Picking up from Asylum FAQs (Part 1), below is some more important information regarding the process of applying for asylum in the U.S. If you are ready to get your case started or are seeking any change to your immigration status in the U.S., contact the Hanlon Law Group. We can provide you with the highest quality of immigration legal services so that you secure the best possible outcomes to your important immigration matters.

These asylum FAQs highlight some important information about applying for asylum in the U.S. For more info, contact the Hanlon Law Group.

These asylum FAQs highlight some important information about applying for asylum in the U.S. For more info, contact the Hanlon Law Group.

Q: How is the determination made that a person qualifies for asylum?

A: In general, eligibility for asylum is determined by an immigration judge or an asylum officer. These officials typically decide if a person qualifies for asylum by evaluating whether or not that individual meets the definition of a refugee (i.e., someone who cannot return to his or her home country due persecution or the fear of persecution based on his or her race, religion, political views, etc.).

If a person is considered to be a refugee, then the official presiding over the case will then determine whether there may be any factors that could prevent the applicant from being granted asylum. Such bars to asylum could include (but are not limited to):

  • Having participated in the persecution of others (based on others’ race, religion, political views, etc.)
  • Posing a threat to U.S. security
  • Having been convicted of certain crimes (such as violent crimes or certain felony crimes)
  • Having a history of living in another country without fear of persecution.

Q: How much does it cost to apply for asylum?

A: The U.S. Citizenship and Immigration Services (USCIS) does not charge any fees to apply for asylum. However, if you work with a lawyer to expedite your case, you may have some attorneys’ fees.

Q: What should I do to apply for asylum?

A: To get your asylum case started with the USCIS, you need to file a Form I-589 (Application for Asylum and for Withholding of Removal). While you can try to pursue your case on your own, you will have the best chances of being granted asylum if you work with an experienced immigration lawyer like those at the Hanlon Law Group.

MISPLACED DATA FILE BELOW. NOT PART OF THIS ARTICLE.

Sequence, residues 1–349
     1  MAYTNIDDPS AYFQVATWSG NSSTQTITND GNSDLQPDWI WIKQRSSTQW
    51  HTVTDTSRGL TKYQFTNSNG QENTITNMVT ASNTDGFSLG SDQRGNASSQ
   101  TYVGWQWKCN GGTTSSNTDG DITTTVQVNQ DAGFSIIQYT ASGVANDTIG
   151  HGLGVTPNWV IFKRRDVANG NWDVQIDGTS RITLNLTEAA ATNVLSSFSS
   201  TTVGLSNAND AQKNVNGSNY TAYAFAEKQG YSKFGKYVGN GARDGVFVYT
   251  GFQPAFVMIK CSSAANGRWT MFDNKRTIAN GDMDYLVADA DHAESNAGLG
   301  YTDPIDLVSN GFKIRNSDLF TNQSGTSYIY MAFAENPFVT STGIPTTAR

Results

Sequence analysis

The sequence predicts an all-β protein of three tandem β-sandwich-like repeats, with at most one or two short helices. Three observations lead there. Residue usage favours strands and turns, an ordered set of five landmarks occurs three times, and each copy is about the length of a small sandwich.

The upcoming third part of this blog includes some final asylum FAQs that highlight some additional important information about this sought-after immigration status. Be sure to check it out!

Los Angeles, California Immigration Lawyers at the Hanlon Law Group, P.C.

If you are ready to apply for asylum or need help with other immigration matters, you can trust your case to the Los Angeles immigration attorneys at the Hanlon Law Group, P.C. For more than 15 years, our lawyers have been successfully representing clients in various types of immigration cases, including those that involve the most basic immigration applications to those associated with extremely complicated federal court litigation.


Our firm offers state-of-the art technology to deliver these services efficiently while also providing each of our clients with old-fashioned personal service. That means you can count on your case progressing as quickly as possible while feeling confident that your Hanlon Law Group lawyer will answer your questions quickly, clearly and honestly.

Contact Us for a Professional Case Evaluation

To learn more about our citizenship, immigration and deportation defense services contact our Los Angeles immigration attorneys today by calling (626) 765-4641 or (866) 489-7612 or by emailing us using the form at the upper right-hand side of the screen.

From our office in Pasadena, we serve clients throughout the Los Angeles area, across the state of California and from around the world.

We offer free, confidential initial consultations to provide potential clients with expert advice regarding their immigration law needs. Additionally, we are able to provide immigration legal services in various languages, including in Spanish, Mandarin, Cantonese, Vietnamese, Korean, Japanese, Bahasa Indonesian, Tagalog and Fukienese.